The upstream industry could see its drilling inventory grow if horizontal drilling opportunities being explored by several companies pan out, according to analysts at Raymond James & Associates Inc.
Companies are at work "testing new concepts and plays in order to add to liquids-rich inventory," the firm's analysts said in a note Monday. Raymond James cited the example of Goodrich Petroleum, which is joining companies such as Devon Energy and Encana Corp. in the emerging Tuscaloosa Marine Shale.
Raymond James noted that Anadarko Petroleum, Swift Energy and EOG Resources "may also have exposure" in the Louisiana play.
"We also expect data from other prospective liquids plays like the Brown Dense (Southwestern Energy, Cabot, Devon, EOG) and Utica [Shale] (Chesapeake Energy, Anadarko, EV Energy Partners, Consol-Hess joint venture) to intrigue investors over the next 12 months," the analysts wrote.
"While these areas are still in the early innings of exploration, operators are also testing new concepts to exploit the multi-stacked pay zones in more developed plays like the Permian and the Bakken," the analysts wrote, noting that Concho Resources has disclosed plans to drill its first dual-lateral well in the Delaware Basin, its first horizontal Yeso well, and to test the Cline Shale this year. The firm also said it expects Continental Resources to test deeper Three Forks branches.
While the firm's analysts detected much enthusiasm for oil and liquids-rich plays at the recent Raymond James Institutional Investors Conference, dry gas can't catch a break these days.
"...[W]e don't envision a return to $4 gas until 2014 at the earliest," the firm said in a note Monday. For one, $3 gas is sufficient to grow domestic production in the near term given liquids-directed drilling and increased efficiencies in the energy patch.
"Second, we see increased gas-to-coal fuel switching as gas prices approach $4/Mcf. Third, while industrial gas demand (chemicals, fertilizer, etc.) is growing nicely and may eventually solve the oversupply problem, the key word is 'eventually.'"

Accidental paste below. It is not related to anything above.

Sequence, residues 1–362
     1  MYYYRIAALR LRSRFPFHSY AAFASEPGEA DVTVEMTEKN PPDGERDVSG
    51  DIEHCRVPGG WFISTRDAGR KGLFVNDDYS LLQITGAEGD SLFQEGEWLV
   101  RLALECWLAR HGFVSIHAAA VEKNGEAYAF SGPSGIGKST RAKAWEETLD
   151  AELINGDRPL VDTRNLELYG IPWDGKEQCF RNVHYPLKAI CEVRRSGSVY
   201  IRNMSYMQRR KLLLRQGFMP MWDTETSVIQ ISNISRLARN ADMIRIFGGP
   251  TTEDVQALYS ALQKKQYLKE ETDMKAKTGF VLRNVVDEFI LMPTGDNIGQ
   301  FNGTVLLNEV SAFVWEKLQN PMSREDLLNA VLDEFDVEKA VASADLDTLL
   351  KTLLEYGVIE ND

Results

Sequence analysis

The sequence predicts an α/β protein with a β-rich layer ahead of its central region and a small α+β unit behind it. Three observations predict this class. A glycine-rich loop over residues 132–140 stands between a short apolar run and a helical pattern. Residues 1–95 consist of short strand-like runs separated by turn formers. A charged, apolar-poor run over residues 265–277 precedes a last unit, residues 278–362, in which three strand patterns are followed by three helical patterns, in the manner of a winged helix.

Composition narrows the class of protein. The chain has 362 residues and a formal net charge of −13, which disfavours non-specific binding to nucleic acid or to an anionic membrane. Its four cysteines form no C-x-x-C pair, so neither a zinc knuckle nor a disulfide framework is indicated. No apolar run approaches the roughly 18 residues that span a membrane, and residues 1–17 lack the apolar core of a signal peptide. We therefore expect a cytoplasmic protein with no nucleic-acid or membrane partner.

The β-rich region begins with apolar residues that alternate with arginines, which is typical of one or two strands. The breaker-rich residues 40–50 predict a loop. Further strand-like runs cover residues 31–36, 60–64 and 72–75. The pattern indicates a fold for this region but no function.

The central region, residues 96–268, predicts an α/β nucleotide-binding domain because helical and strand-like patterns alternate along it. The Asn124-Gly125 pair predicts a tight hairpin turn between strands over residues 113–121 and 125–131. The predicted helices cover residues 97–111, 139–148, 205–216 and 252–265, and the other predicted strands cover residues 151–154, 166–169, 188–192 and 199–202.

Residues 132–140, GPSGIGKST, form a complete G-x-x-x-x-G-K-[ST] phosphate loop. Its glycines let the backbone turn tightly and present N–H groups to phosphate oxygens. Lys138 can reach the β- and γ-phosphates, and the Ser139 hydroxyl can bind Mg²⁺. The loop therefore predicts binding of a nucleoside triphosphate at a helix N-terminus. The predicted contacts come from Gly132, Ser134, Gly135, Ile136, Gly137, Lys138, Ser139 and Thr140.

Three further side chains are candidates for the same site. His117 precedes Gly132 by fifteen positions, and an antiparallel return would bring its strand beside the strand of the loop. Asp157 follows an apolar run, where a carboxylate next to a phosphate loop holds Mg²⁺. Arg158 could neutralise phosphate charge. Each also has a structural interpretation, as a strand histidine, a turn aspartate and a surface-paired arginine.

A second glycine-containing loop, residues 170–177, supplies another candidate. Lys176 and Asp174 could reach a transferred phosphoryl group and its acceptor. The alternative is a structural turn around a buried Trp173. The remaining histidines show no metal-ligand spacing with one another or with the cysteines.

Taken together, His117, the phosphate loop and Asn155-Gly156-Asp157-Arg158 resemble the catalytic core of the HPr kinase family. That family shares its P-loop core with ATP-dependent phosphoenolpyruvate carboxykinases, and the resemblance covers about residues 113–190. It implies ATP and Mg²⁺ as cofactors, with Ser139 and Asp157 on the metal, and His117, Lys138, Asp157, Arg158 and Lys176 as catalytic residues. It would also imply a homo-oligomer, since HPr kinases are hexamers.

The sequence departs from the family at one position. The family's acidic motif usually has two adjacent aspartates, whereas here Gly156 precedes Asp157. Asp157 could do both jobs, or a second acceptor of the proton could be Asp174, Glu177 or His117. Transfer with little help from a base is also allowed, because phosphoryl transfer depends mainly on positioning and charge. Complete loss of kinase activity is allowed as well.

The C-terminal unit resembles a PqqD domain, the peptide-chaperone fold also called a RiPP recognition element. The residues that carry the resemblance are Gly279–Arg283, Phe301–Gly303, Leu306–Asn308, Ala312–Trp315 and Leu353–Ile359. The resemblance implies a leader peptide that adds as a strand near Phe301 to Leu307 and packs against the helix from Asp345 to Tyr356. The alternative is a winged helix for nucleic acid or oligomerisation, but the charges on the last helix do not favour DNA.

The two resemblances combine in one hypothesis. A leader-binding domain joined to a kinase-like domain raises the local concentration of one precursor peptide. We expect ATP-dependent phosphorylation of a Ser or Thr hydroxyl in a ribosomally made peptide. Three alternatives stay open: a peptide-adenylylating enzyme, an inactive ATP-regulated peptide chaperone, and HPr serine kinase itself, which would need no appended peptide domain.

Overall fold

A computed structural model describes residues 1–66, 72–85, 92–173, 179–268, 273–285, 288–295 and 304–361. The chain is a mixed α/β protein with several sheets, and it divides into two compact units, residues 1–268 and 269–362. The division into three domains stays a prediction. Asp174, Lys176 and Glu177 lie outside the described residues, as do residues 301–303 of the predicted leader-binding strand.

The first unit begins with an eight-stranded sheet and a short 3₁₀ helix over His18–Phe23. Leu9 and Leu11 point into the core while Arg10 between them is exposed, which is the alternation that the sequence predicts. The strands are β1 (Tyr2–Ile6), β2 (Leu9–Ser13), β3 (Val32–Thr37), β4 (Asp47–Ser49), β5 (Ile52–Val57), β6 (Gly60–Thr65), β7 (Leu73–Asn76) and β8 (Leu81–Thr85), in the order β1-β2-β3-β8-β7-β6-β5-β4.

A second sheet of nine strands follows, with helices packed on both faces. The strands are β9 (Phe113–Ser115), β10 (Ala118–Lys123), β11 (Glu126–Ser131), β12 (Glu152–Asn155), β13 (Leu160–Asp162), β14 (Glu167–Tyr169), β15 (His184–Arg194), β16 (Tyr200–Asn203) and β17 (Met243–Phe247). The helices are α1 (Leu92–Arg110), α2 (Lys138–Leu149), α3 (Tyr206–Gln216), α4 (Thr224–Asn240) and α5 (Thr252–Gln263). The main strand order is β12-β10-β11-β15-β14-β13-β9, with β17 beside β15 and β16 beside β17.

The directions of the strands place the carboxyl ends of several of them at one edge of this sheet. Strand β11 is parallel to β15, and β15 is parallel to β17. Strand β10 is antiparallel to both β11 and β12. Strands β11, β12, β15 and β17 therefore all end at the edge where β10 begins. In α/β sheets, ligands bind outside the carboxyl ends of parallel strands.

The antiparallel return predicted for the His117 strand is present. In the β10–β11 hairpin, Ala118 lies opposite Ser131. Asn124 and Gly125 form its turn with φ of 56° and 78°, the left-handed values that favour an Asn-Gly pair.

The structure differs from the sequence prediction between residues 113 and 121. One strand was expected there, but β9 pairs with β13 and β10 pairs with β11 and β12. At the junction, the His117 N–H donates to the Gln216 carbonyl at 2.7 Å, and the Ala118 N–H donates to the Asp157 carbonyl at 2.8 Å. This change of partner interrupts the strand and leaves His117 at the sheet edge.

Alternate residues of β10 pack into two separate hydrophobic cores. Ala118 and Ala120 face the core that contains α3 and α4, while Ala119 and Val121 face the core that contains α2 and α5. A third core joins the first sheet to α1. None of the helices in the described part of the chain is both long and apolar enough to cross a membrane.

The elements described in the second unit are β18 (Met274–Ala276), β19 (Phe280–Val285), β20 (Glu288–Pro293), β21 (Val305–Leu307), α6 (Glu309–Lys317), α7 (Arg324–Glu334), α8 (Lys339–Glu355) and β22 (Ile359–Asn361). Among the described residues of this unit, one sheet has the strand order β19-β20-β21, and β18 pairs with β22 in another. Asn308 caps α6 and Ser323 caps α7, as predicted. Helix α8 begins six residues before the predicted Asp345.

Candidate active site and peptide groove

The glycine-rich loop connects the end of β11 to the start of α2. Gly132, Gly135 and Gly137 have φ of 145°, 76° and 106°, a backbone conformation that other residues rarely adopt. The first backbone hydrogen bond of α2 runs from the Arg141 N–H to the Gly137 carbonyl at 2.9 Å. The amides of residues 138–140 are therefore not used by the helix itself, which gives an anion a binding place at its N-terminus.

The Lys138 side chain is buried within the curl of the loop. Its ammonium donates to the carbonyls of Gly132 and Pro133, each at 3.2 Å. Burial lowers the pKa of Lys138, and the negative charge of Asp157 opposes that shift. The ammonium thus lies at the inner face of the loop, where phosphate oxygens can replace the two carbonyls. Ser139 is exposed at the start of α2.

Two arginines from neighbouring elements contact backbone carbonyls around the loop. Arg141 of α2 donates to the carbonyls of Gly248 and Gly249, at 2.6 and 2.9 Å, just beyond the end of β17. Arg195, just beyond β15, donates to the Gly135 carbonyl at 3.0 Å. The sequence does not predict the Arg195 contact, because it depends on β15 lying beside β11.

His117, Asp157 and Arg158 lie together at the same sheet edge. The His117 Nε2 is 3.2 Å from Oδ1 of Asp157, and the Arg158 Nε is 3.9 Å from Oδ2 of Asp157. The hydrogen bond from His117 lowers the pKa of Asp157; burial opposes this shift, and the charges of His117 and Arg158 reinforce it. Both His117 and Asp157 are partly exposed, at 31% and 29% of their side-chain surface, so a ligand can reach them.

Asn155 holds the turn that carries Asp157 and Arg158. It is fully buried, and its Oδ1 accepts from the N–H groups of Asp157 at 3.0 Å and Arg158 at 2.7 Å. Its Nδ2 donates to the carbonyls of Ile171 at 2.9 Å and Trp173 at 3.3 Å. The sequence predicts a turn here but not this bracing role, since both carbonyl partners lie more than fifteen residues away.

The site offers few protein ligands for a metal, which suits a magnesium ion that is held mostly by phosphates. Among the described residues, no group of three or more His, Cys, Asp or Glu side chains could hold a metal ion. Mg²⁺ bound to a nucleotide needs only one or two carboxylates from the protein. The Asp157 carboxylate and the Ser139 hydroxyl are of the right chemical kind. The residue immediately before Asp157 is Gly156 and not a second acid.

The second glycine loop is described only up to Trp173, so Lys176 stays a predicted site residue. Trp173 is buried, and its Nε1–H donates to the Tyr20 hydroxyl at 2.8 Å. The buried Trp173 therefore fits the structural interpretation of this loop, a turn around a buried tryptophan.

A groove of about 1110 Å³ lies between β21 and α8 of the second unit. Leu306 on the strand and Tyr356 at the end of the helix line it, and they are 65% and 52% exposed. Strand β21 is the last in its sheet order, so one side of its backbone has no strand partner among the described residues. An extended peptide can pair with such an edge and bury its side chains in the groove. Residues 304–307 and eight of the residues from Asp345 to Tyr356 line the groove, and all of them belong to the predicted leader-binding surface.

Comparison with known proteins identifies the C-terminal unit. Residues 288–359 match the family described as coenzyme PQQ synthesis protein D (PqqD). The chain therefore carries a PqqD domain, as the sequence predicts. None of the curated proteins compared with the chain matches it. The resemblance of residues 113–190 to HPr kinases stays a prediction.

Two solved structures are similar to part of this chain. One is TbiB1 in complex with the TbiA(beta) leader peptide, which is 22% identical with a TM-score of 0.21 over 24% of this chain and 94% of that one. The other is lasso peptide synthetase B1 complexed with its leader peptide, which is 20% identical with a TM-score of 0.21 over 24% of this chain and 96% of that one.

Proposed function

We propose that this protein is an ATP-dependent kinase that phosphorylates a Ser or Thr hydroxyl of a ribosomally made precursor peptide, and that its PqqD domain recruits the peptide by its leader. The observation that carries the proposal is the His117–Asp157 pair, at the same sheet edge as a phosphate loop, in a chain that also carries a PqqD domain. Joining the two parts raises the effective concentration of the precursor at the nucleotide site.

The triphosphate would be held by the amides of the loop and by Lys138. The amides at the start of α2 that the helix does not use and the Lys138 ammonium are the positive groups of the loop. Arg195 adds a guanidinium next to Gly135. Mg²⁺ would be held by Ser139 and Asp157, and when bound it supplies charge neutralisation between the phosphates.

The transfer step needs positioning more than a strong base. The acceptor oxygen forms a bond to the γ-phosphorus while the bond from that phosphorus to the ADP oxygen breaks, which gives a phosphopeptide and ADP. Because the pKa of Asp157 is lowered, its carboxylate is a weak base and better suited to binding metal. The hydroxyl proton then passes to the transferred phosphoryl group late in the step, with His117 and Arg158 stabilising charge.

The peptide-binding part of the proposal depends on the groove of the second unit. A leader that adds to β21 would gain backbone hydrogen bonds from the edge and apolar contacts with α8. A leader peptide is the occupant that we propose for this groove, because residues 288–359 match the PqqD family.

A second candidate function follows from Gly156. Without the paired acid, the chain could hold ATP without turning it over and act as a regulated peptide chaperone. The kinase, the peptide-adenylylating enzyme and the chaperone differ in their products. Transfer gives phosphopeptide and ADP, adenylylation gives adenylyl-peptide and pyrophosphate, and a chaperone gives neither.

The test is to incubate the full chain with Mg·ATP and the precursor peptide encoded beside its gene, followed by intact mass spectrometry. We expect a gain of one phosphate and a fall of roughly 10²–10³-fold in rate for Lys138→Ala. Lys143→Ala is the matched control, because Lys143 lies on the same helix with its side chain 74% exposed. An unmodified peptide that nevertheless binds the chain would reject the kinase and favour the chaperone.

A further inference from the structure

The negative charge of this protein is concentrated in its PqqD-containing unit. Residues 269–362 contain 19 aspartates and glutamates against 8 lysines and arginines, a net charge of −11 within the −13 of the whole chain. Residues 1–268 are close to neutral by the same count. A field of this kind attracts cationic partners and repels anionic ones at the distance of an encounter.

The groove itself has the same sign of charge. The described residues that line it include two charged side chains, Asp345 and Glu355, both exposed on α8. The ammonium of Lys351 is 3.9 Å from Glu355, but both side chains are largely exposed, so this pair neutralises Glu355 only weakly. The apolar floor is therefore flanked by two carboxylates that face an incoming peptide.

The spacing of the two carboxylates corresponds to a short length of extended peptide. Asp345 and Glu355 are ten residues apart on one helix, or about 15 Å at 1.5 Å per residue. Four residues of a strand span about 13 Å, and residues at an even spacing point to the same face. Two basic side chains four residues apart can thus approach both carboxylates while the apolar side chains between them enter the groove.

Gas industry interests and automakers have increasingly been making noise about gas-fueled vehicles, but it won't be until after 2015 that these efforts bear fruit sufficient to "move the needle" on demand, Raymond James said. Ditto for potential exports of domestic production as liquefied natural gas, the analysts said.
With dry gas distinctly out of favor, oil and liquids-rich plays took center stage at the conference. Cost-wise, things are seen to be looking up for exploration and production companies (E&P) on the services side.
"Activity in the hottest liquids plays (Permian, Eagle Ford and Bakken) is as robust as ever, but it seems the chokehold that service costs have had on E&Ps over the past year is finally loosening its grip," the analysts said. "Many operators are seeing service costs stay flat or even soften this year, particularly in these most 'overheated' plays. The reasons appear to be two-fold: 1) an increase in availability of service crews, sand proppant and equipment; and 2) realization of cost savings through increased utilization of pad drilling and zipper fracks as operators progress to development mode."
Merger and acquisition activity will continue to be robust as well, they said, because E&P companies will remain encouraged by strong oil prices and will enjoy access to capital needed to complete deals, the analysts said.
Master limited partnerships will also continue to be able to leverage their lower weighted average cost of capital to drive above-average distribution growth to unitholders with less relative risk, the analysts said. "Preliminary 2012 organic capital budgets represent substantial increases, on average, of 25-50%-plus versus year-ago levels," they said. "While ongoing commodity price fluctuations will influence producer capital allocation, the relative inelasticity of energy demand and the supply volatility will support capital being spent through the drill bit and midstream infrastructure investment."
With regard to natural gas liquids (NGL), the analysts like others see a "lumpy" supply-demand outlook but don't appear overly concerned about the threat of an ethane glut. "...[T]he favorable crude-to-gas and ethane-to-crude ratios (on a Btu-equivalent basis), coupled with a growing abundance of cost-advantaged NGLs, continue to support the petrochemical push to maximizing ethane usage," they wrote.
"As such, when considering the global cash cost curve for ethylene production, we believe North American ethane will remain in the driver's seat as the feedstock that provides ethylene producers with the highest margin per pound of ethylene produced over the long term."